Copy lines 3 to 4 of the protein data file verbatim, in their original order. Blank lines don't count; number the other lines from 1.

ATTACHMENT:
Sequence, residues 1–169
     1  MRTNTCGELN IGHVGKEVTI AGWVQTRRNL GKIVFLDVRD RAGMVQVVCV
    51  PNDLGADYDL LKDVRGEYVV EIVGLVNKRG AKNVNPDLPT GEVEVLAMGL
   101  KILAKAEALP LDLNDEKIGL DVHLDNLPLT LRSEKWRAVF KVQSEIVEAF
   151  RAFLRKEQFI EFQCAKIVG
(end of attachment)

    51  PNDLGADYDL LKDVRGEYVV EIVGLVNKRG AKNVNPDLPT GEVEVLAMGL
   101  KILAKAEALP LDLNDEKIGL DVHLDNLPLT LRSEKWRAVF KVQSEIVEAF